How China is luring top Brazilian footballers (clue: large sacks of cash)
An ever-increasing contingent of players from the South American country are finding the riches on offer on the other side of the world too much to resist
Dario Conca’s decision to join Guangzhou Evergrande in 2011 attracted little fanfare in a football world whose axis has always been heavily tilted towards Europe.
Almost five years later, the Argentine playmaker’s 10 million US-dollar move from Brazil’s Fluminense can be seen as a defining moment in the rapid emergence of the Chinese Super League.
Conca’s salary of US$12 million a year is said to have made him football’s third highest paid player after Cristiano Ronaldo and Lionel Messi.
While it may not have grabbed major international headlines at the time, the transfer made South American football – and particularly Brazil – stand up and take notice.
A steady stream of Brazilians have followed in Conca’s footsteps, with the number multiplying in recent months.
Among current and former Brazil internationals lured by Chinese clubs in the past year are Diego Tardelli (Shandong Luneng), Robinho, Paulinho and Ricardo Goulart (all Guangzhou Evergrande), Jadson and Luis Fabiano (both Tianjin Songjiang) and Renato Augusto (Beijing Guoan).
According to Tardelli, the stratospheric salaries paid by Chinese clubs have made their proposals too good to refuse.
“It changes your financial life,” he told Globoesporte. “It’s great to play in Brazil with the fans and the constant pressure to perform. But the salaries in China are higher and they are paid on time. I’m 30 years old and I have to think about my future.”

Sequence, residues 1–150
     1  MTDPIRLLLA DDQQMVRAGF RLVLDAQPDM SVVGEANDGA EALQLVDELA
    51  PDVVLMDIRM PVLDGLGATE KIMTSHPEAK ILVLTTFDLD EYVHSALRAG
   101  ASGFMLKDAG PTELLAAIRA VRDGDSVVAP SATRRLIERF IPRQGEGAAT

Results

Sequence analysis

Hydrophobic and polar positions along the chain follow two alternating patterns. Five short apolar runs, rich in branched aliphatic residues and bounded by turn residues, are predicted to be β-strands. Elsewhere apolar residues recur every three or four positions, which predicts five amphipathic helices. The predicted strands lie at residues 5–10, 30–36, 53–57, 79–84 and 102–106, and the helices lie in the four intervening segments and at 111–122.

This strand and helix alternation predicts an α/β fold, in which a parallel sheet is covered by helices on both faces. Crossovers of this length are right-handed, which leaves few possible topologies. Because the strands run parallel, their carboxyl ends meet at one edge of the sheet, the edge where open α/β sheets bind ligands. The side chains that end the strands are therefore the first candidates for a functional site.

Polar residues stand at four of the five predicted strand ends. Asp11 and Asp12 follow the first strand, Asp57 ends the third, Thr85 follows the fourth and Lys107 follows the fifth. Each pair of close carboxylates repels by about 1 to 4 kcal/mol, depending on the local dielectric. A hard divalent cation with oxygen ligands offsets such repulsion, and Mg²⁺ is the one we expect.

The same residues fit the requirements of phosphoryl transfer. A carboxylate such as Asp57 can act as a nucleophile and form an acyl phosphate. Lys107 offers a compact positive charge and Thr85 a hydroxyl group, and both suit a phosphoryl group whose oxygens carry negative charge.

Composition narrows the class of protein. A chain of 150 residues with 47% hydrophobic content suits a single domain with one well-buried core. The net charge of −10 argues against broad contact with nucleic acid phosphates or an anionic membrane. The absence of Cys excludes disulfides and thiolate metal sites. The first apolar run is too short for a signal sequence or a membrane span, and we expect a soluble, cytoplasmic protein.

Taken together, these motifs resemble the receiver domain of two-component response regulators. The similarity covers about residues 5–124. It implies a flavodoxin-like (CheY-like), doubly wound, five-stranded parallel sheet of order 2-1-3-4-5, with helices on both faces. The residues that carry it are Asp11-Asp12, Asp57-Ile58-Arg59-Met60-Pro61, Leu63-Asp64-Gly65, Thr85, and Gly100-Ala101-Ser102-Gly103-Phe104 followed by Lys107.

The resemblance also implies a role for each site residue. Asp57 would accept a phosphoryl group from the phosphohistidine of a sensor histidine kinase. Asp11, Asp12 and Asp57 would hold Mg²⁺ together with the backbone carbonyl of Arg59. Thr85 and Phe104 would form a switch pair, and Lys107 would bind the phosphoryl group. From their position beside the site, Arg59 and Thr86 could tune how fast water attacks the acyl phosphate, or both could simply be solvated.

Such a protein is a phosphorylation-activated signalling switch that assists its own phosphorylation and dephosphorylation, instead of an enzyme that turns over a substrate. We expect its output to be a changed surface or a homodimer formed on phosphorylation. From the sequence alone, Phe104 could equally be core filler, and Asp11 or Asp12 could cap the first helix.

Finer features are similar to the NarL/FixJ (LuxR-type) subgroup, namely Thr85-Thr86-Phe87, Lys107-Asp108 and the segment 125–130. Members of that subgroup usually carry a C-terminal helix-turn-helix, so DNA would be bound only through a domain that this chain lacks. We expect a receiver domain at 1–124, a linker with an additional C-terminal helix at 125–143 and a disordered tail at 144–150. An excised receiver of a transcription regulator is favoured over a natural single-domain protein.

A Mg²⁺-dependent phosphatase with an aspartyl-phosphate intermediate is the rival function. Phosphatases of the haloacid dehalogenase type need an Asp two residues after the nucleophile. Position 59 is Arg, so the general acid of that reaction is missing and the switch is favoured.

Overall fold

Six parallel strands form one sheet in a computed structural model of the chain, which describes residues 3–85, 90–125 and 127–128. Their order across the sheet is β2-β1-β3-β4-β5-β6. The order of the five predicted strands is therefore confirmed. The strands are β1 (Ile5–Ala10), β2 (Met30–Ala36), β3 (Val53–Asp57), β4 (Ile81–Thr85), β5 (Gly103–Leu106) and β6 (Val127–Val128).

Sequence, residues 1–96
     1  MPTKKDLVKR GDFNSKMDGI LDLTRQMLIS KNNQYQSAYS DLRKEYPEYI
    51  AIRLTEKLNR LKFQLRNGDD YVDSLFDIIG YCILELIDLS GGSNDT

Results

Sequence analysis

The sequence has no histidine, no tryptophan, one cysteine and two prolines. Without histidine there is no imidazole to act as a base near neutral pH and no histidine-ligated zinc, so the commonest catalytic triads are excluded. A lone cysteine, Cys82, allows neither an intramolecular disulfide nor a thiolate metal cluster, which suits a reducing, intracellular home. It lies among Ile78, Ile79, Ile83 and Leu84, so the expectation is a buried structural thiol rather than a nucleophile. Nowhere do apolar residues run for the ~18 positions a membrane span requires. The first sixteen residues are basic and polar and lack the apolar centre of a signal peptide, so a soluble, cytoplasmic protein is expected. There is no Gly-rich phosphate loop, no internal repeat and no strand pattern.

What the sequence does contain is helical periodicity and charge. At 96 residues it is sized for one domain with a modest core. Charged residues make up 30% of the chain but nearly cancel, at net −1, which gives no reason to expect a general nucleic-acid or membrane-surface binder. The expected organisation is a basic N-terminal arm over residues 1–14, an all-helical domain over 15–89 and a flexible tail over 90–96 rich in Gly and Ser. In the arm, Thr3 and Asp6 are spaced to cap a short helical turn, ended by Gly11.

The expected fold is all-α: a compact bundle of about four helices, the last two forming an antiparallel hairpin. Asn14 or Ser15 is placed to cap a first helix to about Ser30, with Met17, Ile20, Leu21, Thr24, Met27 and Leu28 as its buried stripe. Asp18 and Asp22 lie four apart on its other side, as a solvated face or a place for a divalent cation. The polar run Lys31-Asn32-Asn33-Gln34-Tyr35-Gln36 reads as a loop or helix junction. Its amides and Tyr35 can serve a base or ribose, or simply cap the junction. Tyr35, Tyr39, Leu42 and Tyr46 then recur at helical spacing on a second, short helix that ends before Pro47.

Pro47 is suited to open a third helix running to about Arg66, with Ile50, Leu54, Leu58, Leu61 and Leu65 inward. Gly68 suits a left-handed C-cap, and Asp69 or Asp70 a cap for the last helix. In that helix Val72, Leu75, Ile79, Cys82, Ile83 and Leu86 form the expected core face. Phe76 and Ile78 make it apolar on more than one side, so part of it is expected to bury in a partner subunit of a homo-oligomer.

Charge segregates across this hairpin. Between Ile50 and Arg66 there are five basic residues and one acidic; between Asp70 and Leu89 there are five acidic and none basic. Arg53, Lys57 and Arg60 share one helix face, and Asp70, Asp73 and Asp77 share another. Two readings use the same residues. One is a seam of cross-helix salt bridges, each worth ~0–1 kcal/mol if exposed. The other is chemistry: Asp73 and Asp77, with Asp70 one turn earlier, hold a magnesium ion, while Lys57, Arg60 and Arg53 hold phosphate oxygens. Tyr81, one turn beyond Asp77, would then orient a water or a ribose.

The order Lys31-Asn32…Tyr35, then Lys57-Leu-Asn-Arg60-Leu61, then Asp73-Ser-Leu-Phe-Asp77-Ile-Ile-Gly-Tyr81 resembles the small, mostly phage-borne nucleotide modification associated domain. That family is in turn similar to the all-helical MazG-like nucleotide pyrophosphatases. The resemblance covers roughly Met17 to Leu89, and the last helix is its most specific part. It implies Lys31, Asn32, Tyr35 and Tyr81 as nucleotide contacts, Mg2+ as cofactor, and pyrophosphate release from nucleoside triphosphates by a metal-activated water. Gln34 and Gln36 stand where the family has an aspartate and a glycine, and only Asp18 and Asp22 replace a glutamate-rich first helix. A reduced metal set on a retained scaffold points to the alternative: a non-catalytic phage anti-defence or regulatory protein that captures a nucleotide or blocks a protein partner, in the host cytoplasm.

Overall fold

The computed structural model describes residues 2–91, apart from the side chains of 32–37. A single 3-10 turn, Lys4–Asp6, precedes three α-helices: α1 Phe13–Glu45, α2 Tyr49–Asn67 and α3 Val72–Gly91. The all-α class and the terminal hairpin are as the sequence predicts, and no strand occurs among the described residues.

Corinthians are the team that have suffered most from China’s thirst for Brazilian flair.
The 2015 Brazilian Serie A champions have already lost Jadson and Renato Augusto in the past month with Alexandre Pato, Ralf, Elias and Cassio also considering offers from Chinese sides.
“We have been surprised by their departures,” Corinthians president Roberto de Andrade said.
“Chinese clubs work differently. They offer huge salaries and there is no way to prevent players from leaving. We could lose five, six or seven of them.”
It is not only Brazil’s players who have been wooed to China. Former national team coaches Luiz Felipe Scolari and Mano Menezes are also plying their trade there.
Menezes was appointed manager of Shandong Luneng in December, just weeks after 2002 World Cup-winning coach Scolari guided Guangzhou Evergrande to their fifth straight Super League title.
“It’s an offer that is out of this world,” said Menezes ahead of signing. “From a financial point of view there is no way to turn it down.”
The Chinese Super League’s burgeoning status as one of the world’s richest domestic competitions has been driven by reforms introduced by President Xi Jinping last year.
Meanwhile the financial position of clubs has been bolstered by tax breaks offered to private investors.
Jack Ma Yun, the owner of Chinese e-commerce giant Alibaba, last year paid US$192 million for a 50% stake in Guangzhou Evergrande.